body. If an Indian were to find an arm that had fallen from an
operating table, he would say, 'I have found his arm.' The Baikiri
of Brazil do not say '"tongue," but always add a pronominal
adjective, 'my tongue', 'your tongue', etc. Similarly in the
Marshall Archipelago there is no generic word for 'father', the
word never being used except in conjunction and applied to a
particular person. The concept 'father' unattached, simply does
not exist. This has been found to be true in the north-eastern
provinces of India, and even when the possessive form of the
sentence rendered the attachment of a pronoun unnecessary, the
tendency to specialization was so strong that it would still
Levy-Bruhl points out that this is a
very common feature in primitive societies and helps us to understand
how it is that we find such complicated degrees of relationship
between peoples and possessions. The European tries to conceive
of these and rationalize them in the abstract, but the native
never envisages them in this way.
In Australia there are no generic terms
such as tree, fish, bird, etc., although specific words are applied
to every variety of tree, fish, or bird. The Tasmanians had no
words to represent abstract ideas and though they could denote
by name every variety of gum tree or bush, they had no word for
In the Bismark Archipelago, there
are no names for colours. Colour is always indicated by comparing
two objects together.
South American Indian has particular names for every type of monkey and
palm and such objects as interest them. But it is in vain to seek among
them words for the abstract idea of 'plant' as opposed to 'animal.' In
California, the natives have a separate name for every oak, pine, or grass,
but no word for oak, pine or grass as a species.
The Australian aborigines have
names for almost every minute portion of the human body, but
in asking for the arm, the stranger would get the name for the
upper arm, another for the lower arm, another for the right arm
and another for the left. In this English sentence the word 'arm'
occurs four times and once by implication. It would not occur
more than once in Australian, if it occurred at all.
Turning to the north, the Lapps have
a great many terms to denote various kinds of reindeer according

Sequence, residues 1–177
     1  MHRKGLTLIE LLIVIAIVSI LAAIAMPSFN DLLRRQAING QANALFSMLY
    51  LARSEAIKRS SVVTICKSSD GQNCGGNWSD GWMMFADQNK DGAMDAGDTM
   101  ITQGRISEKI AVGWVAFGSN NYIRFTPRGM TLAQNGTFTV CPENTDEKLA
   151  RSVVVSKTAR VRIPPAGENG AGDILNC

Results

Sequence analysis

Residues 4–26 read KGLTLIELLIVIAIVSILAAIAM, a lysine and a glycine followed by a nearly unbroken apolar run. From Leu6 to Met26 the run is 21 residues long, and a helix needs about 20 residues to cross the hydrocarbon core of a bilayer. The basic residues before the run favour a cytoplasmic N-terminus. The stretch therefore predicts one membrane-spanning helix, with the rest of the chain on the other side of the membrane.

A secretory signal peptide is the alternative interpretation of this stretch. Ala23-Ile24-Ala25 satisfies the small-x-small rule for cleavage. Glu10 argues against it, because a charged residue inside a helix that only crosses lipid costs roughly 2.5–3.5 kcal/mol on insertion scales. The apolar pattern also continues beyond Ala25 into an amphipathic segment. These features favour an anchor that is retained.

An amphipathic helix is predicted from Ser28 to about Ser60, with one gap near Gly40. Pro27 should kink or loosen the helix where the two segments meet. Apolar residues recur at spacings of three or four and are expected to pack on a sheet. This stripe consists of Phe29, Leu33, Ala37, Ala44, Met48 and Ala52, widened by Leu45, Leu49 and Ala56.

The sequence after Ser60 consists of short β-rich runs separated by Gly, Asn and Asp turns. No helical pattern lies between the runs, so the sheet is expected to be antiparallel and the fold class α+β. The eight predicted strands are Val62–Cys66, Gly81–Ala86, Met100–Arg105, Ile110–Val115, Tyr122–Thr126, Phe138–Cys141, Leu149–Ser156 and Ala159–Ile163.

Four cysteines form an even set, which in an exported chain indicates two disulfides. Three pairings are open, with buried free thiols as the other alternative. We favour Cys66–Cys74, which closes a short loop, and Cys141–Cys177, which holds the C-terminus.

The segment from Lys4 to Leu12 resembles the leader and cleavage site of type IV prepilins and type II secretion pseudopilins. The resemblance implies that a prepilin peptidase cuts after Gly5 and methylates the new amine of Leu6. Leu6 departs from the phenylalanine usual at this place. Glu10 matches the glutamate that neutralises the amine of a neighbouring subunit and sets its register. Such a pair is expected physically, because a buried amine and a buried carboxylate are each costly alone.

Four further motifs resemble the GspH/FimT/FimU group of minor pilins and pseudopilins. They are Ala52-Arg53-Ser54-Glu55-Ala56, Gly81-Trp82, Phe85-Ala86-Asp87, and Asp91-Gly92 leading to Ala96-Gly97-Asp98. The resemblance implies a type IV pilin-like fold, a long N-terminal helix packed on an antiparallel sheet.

to their age. There are twenty words for ice, eleven words for
cold, and forty-one words for snow in all its forms!
In Southern Australia every range
of mountains has its name and every hill in the range, so that
the black man can state the precise mountain or hill in an extensive
range. They have names for all the conspicuous stars, for every
feature of the ground, every swamp and every bend of a river,
but no word for 'star' or 'hill' or 'river.'
In all these cases the conclusion
that one must draw seems to be the same. These people are intensely
aware of the individual, the unique, the specific: but they have
not abstracted the general. They have not classified objects
nor categorized experience. Everything known and experienced
is concrete, isolated, uniquely individual. Moreover, it is a
general rule that the more intense their interest, the more profuse
their vocabulary. Thus the Aymara Indians of Peru, to whom the
potato is of great importance, have over 209 words for it!
Miriam Chapin states that in one of the
Australian dialects (the Kamilaroi) there are a dozen words for
kinds of snakes but none for 'snake' as a concept. 32 In fact you Just cannot
ask a man if he has seen a snake. You have to ask him if he saw
a Nurai or black snake, or a Kaleboi or brown snake - and trust
32. Chapin, Miriam, How People Talk, Toronto,
ON, Longmans Green, 1947, p.27.
if it was a green snake he will
think it interesting enough to mention the fact. Moreover, one could not
actually ask about a snake at all, it would have to be THE snake
- i.e., the one you are asking about!